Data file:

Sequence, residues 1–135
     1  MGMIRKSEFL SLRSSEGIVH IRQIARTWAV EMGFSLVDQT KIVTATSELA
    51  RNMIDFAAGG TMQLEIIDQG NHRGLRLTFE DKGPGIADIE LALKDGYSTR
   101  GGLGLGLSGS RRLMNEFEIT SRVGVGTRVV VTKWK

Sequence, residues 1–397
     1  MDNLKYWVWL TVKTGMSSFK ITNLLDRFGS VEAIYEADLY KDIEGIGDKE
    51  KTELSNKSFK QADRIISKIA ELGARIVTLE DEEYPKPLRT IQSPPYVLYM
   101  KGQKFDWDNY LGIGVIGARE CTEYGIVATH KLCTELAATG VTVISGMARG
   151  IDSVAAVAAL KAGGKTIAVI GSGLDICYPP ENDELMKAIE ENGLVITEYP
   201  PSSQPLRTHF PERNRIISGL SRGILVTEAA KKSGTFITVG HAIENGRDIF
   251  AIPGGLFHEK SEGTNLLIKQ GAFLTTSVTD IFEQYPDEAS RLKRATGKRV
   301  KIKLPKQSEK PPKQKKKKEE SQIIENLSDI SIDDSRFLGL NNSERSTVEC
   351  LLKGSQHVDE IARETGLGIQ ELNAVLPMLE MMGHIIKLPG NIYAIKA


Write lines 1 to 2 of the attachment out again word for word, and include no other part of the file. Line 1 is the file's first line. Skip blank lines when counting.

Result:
Sequence, residues 1–135
     1  MGMIRKSEFL SLRSSEGIVH IRQIARTWAV EMGFSLVDQT KIVTATSELA